The book received favorable analysis and evaluation from experts who found it credible, relevant, significant, and original. Many critics praised Romesha for his skillful storytelling, his clear and concise writing style, his candid and humble tone, his thorough and meticulous research, his objective and respectful approach, his personal and professional insight, his moral and ethical vision, and his artistic and literary merit. Some critics also compared Romesha's book to other classic works of war literature, such as Black Hawk Down by Mark Bowden, Lone Survivor by Marcus Luttrell, We Were Soldiers Once...and Young by Harold G. Moore and Joseph L. Galloway.
The book had a positive impact on society by raising awareness and understanding of the war in Afghanistan, the US military, and the veterans community. The book also contributed to the public discourse and debate on issues such as war strategy, military policy, national security, foreign relations, human rights, and cultural diversity. The book also fostered a sense of appreciation and respect for the service and sacrifice of the US military personnel # Article with HTML formatting (continued) Benefits of Reading War Books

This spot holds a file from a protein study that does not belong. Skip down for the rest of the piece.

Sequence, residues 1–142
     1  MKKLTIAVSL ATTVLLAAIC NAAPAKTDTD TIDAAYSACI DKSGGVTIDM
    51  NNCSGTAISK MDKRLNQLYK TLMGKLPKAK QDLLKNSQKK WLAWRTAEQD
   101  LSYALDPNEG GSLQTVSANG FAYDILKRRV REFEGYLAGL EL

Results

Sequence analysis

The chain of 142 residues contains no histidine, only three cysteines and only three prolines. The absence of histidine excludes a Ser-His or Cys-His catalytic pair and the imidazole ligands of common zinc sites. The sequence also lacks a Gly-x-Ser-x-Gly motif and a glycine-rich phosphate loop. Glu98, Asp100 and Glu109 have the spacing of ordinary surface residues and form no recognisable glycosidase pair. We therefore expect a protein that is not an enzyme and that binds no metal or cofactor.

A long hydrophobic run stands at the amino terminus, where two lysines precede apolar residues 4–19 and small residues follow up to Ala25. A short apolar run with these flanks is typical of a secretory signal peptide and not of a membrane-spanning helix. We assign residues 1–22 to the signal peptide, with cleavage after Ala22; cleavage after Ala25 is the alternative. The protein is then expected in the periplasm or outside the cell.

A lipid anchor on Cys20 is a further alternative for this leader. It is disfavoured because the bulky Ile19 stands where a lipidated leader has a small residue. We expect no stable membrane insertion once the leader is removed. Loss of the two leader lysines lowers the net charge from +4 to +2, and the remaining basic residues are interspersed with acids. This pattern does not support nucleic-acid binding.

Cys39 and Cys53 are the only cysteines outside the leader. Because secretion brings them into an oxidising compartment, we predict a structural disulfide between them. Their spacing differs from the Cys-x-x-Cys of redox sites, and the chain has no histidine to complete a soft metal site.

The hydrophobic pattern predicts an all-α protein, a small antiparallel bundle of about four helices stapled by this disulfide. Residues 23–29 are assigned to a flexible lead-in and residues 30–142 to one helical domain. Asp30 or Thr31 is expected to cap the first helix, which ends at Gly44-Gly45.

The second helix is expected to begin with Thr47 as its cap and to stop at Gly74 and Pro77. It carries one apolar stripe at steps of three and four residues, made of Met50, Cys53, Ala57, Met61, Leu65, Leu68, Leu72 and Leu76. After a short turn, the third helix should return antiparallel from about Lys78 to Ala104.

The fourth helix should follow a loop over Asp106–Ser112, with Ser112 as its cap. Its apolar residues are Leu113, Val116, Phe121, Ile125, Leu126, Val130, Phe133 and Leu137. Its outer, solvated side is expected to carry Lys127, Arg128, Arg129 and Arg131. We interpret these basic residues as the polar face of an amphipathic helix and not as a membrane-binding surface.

Reading war books can help us grow personally by expanding our knowledge, perspective, empathy, and critical thinking skills. War books can teach us about historical events, political issues, cultural differences, human rights, and moral dilemmas that we may not encounter in our daily lives. They can also challenge us to see the world from different points of view, to understand the motives and emotions of people who are different from us, and to appreciate the diversity and complexity of human experience. Reading war books can also sharpen our analytical and evaluative abilities, as we learn to question the sources, evidence, arguments, and biases of the authors and the characters. Reading war books can help us become more informed, open-minded, compassionate, and reflective citizens of the world.